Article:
The warnings kept coming but I didn’t heed them. Over the past few years, they’d become more pronounced. A woman who I didn’t know very well got the courage to tell me that something bad was going to happen if I didn’t slow down and address my health. Then a dear friend drove to my house and told me she was sure the Lord wanted me to slow down and take stock of my life. Yet another friend urged me to throw away my “to do list” and just learn to sit still for a while. Each time, I knew it was God speaking to me, and I earnestly wanted to slow down.
When I shared my dilemma with a former student, she asked me, “When you are driving down the street and you see a stop sign, do you have difficulty making the decision to stop?” I laughed at the analogy, but it really resonated with me. Unfortunately, I didn’t immediately do what I knew I needed to do: stop right then and do what the Lord was urging me to do.
I am wired differently than most people. I feel my best when I am doing five things at once and crushing most of them. People have asked, “When will you ever slow down?” and, before the fall, my reply was some version of “when I can no longer do it.” I thought that time would come when I was in my 90’s if I was blessed enough to live that long.
Then, on a beautiful day in early August while I was coming up the walk to my house and talking to a friend on my cell phone, my world turned upside down. I tripped and—in a millisecond—I was faceplanting into a concrete step. I could feel the blood oozing out of my head, but I couldn’t move my arms or legs. I am so thankful that my husband was at home and heard my cries for help. I immediately began to pray and ask God to heal my body. By the time the paramedics arrived, I was able to stand up with their assistance and take two steps to the gurney—an immediate answer to prayer.
I spent three days in a trauma unit where it was determined that I’d broken my nose, sustained a cervical fracture and needed 22 stitches in my head. The miracle is that I only had a slight concussion and was able to pass the protocol with flying colors. The recovery was nothing short of miraculous, and three weeks later I was able to go to London for my 65th birthday cruise. I boarded the flight, donning a fancy neck brace, an ankle brace, and a cane. This was not how I imagined this milestone, but I was grateful for the gift.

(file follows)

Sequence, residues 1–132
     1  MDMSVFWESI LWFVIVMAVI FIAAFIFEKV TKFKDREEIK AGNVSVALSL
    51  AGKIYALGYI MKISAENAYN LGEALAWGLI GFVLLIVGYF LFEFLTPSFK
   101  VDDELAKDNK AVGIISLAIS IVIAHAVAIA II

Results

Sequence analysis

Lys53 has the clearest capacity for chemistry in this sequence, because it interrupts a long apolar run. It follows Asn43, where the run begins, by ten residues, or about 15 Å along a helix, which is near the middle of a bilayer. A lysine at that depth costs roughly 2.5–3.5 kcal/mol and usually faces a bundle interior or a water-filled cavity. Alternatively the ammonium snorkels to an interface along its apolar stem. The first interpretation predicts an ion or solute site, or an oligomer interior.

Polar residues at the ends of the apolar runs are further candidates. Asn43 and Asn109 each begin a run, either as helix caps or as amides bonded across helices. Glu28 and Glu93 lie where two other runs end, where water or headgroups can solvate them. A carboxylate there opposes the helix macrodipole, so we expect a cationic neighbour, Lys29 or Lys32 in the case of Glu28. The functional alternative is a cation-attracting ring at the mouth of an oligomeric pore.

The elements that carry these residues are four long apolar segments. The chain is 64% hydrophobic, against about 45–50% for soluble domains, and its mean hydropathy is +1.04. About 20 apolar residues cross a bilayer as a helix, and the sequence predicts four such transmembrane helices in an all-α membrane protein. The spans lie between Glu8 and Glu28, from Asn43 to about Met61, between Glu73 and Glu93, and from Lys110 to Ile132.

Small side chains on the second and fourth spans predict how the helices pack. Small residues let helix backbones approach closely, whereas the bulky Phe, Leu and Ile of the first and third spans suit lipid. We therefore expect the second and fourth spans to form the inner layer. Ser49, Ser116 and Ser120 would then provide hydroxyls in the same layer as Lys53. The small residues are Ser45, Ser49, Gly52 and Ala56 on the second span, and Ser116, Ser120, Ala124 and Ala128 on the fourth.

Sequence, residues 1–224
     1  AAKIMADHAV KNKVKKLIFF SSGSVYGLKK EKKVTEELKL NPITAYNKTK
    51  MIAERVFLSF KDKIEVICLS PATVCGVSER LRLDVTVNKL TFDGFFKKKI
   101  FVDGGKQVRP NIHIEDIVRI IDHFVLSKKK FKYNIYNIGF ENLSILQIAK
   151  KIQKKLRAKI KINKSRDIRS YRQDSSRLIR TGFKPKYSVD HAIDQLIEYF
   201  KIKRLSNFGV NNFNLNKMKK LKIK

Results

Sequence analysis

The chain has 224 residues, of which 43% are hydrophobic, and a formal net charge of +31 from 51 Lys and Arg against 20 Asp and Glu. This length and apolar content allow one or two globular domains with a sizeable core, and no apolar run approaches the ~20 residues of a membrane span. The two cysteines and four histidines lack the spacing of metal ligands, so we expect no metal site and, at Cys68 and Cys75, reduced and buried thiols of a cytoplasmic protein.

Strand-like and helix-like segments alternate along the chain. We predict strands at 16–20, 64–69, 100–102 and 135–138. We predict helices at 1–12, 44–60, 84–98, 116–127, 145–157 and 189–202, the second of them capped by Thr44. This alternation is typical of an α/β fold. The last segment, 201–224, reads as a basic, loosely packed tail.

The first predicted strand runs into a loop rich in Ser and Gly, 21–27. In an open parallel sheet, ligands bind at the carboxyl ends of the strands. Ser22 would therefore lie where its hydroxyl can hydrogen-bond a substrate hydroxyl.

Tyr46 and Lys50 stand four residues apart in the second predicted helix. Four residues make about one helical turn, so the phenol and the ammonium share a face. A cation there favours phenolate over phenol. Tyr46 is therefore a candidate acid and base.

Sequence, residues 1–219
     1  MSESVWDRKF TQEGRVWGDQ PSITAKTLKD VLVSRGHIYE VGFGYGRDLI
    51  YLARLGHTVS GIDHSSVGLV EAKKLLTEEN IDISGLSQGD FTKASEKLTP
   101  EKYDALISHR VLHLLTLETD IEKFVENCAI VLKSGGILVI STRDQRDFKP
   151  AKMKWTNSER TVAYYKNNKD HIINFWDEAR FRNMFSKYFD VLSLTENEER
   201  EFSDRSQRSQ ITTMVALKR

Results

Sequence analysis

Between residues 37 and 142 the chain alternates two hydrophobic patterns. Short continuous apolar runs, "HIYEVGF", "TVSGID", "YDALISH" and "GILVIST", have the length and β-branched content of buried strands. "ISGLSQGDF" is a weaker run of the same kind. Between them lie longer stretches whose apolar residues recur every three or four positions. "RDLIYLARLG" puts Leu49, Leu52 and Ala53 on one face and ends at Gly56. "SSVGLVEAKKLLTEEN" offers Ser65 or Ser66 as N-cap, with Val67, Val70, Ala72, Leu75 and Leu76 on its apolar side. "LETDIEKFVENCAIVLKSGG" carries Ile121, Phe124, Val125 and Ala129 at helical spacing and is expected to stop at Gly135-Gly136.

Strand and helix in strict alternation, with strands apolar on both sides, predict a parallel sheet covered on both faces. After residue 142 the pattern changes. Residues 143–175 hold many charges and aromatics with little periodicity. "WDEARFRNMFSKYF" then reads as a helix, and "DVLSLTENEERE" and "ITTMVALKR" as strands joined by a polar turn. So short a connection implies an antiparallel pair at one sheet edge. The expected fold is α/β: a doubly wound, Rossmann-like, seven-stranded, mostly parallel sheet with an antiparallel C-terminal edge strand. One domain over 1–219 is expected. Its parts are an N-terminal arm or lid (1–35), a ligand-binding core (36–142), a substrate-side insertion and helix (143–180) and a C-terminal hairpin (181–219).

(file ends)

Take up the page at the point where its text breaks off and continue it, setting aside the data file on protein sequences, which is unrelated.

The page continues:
Three days into my vacation, I aggravated an old ankle injury which led to my real period of slowing down and reflecting. My initial thoughts were to put on a smile and push through. That didn’t last long. My ankle pain persisted, and I realized I would only get better when I decided to be obedient to the command to really slow down and take stock. This is where I am now. Someone shared this thought with me, “Healing also means taking responsibility for the role you play in your own suffering.” That hit home. God, who gave me every opportunity to slow down on my own, was now taking the reins and reeling me in.
Life after the fall has been a gift. The sound of silence is my new friend. Sitting with the Lord and really hearing has become such a pleasure. It is humbling to acknowledge that I cannot do everything. Saying “No” is not only necessary, it’s liberating. My body and mind need rest to heal. Healing can come spontaneously, but the best lessons come on the healing journey. I am learning how to be gentle with myself and how to trust the boundaries my body has erected. It is not easy, but it gets better every day.
Another lesson that I am learning is how much I miss when I am going too fast. I missed important events by rushing through emails and deleting them at the speed of light. I missed the subtle cries for help from friends because I was multitasking and not being present with them. I missed the loving communion with God as I opted for praying on the go.
I am beyond grateful that God loves me so much that he stopped me in my tracks. I am grateful for this period of recalibration that is becoming my new cadence. I am thankful for getting back on the path to my purpose, and I already feel the joy of reconnecting with my authentic self. I have missed the gift being present with myself and look forward to exploring more of who God created me to be. It feels so good.Leave a Comment